Tuesday, 8 November 2011

Visiting 'AUT' OT School Auckland & an unlikely reunion!

Hello everybody! After enjoying yet more of my room mates snoring and unpleasant smell, I headed out (Tuesday), to visit one of the two OT Schools/Universities here in New Zealand. A short 15 minute bus ride from 'downtown' led to me to the North Shore district of Auckland. One of the things I enjoyed most about the bus ride was that there was a radio station playing songs on the bus... (apparently this is a relatively new thing), but I was singing along to the music, though I'm not sure my fellow passengers really appreciated my this. Nobody tipped me anyway!I got off the bus and headed to the AA block, where I was to find my host (Valerie), and some other staff members, who were keen to answer my questions about life Occupational Therapy education here in New Zealand.
I was really interested to find out about numbers of students, the different programmes on offer and cost implications for NZ OT students. I was informed that AUT generally graduates around 90 (approx numbers) each year with an approximate total number of 150 new graduates nationally across the country. The course is a 3 year Degree (same as UK), with an option of a non-funded 4th year Hons. Students are expected to part fund the cost of the course, by around $5000, though as is most countries, international students pay significantly more for their education. The University and the OT Board of NZ are able to monitor the success of the academic programmes by assessing new graduates against the seven areas of competency, upon completion of the course which allows registration to occur. AUT students spend up to a full semester (20 weeks) on placement in their final year, allowing the second year of study to focus on more theoretical aspects, linked in with outside lecturers / clinicians participating in the education process. There was a fantastic mix of staff experience and skill base and a friendly and welcoming feel around the campus, with plenty of green space around campus to relax in. The on-site 'Subway' sandwich shop was no bad thing either!I followed up this visit with a return to Auckland and the shock of finding yet more signs of Christmas! Why can't we be allowed to enjoy the present and not be encouraged to always be looking past tomorrow! Ok enough of a rant!My afternoon took a pleasant surprise twist as Sally called me and we headed to her gym, for a cuppa (cup of tea), and another chance to chat about life in NZ. two cups later, we said our goodbyes and Sally kindly dropped me off in town, where I was able to head to the Occidental Belgian Beer Cafe where I was to meet an old friend/work colleague.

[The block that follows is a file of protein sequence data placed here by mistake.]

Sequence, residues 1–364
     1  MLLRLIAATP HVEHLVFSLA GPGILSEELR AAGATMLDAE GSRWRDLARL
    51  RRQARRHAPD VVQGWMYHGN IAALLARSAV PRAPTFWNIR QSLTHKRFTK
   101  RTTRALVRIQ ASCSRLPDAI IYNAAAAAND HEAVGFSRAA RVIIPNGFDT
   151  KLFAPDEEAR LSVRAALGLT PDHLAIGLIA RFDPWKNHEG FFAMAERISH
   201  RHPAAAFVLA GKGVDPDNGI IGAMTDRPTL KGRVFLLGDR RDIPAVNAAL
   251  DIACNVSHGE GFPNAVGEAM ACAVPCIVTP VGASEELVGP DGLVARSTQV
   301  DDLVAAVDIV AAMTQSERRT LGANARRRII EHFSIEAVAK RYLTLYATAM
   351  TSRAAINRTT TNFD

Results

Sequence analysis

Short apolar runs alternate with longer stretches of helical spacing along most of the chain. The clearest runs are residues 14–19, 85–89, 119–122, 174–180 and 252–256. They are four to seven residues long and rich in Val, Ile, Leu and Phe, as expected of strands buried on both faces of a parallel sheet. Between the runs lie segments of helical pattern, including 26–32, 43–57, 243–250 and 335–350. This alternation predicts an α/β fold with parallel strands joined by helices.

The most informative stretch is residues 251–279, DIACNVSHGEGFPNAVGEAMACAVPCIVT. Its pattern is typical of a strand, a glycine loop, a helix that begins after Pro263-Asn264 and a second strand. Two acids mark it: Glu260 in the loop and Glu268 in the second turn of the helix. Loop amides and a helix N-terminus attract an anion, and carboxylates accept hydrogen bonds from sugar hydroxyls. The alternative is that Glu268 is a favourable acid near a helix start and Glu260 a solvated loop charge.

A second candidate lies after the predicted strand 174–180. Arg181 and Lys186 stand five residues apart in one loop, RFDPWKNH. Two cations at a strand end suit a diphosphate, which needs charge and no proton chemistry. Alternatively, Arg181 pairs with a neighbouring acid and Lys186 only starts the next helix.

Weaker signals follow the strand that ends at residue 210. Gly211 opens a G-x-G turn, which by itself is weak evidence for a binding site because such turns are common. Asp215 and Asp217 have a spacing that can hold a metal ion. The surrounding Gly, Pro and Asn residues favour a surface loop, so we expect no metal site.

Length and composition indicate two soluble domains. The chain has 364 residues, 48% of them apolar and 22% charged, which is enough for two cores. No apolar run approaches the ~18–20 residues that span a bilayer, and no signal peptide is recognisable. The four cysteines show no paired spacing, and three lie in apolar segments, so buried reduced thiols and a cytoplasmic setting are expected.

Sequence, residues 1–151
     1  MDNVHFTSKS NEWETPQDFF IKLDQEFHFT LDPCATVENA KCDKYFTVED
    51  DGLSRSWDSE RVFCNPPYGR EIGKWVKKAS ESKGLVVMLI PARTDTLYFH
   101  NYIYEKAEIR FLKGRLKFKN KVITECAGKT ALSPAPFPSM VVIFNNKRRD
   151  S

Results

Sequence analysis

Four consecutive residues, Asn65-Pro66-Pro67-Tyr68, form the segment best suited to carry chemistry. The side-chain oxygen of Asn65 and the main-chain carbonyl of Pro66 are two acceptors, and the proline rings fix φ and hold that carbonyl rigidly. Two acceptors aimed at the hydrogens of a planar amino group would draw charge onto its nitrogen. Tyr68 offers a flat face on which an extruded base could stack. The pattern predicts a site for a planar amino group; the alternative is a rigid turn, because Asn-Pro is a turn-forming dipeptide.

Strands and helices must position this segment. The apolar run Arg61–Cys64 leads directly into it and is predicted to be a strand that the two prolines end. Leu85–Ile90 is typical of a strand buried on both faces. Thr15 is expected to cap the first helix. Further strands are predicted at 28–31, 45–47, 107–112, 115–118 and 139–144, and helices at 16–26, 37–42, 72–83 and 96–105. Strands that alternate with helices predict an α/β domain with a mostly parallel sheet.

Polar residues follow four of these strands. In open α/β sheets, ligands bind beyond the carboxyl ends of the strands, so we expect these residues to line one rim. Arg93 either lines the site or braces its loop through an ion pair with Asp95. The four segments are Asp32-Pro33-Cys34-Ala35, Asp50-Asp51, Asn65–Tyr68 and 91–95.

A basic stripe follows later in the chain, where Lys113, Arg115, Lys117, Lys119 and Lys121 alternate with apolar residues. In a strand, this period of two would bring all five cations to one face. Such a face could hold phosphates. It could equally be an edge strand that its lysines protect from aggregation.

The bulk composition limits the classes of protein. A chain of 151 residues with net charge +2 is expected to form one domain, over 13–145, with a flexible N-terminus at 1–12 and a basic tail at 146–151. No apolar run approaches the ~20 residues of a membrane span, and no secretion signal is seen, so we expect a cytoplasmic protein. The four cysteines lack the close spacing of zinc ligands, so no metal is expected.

Tony, a former colleague of mine from a Community Mental Health Team in Manchester, UK, was now here living in NZ, and right here in Auckland! We had last seen each other when I left that job back in 2007! Tony told me about his quite amazing journey that had brought him to NZ and how he'd been living in Christchurch, when the earthquake had struck earlier this year. his terrifying account, explained why he'd now moved up North, and whilst discussing the issues now surrounding the UK health service, I found myself feeling inspired by Tony's move and search for a better quality of life out here. Maybe this is a move I'll consider myself, because after a few beers and a fantastic meal, I could really begin to see the appeal of living in a country without a 'fear of menace' which I personally feel is evident in my life in the UK. The friendly and welcoming nature of people here is so evident here. Almost as important, is the non-existence of the company BT (British Telecom) to which both me and Tony (and many other people I know) would testify to being one of the most idiotic and incompetent companies I have had the dis-pleasure to deal with! Unfortunately no pictures were taken of this night, but I just want to wish Tony all the best in his adventures out here! It was a pleasure to catch up, funny how people's journey's cross in the most unlikely of places!

Regards from NZ


  1. Glad you have enjoyed Auckland... hope that you get to see more outside of the 'big city'...

    Oh.. students pay fees across all three years of their bachelors programme (with a government contribution).. the fourth year for our students at Otago Polytechnic is about the same fee for their fourth year as their first three years.

    Re competencies etc - the schools are responsible for ensuring that the students can achieve the required level of competence (our fieldwork assessment form is organised as per the 7 competencies). Once our new graduates start work, the OTBNZ through the online portfolio, supervisors comments and the third party signoff becomes responsible for ensuring safe competent practice of the graduates!

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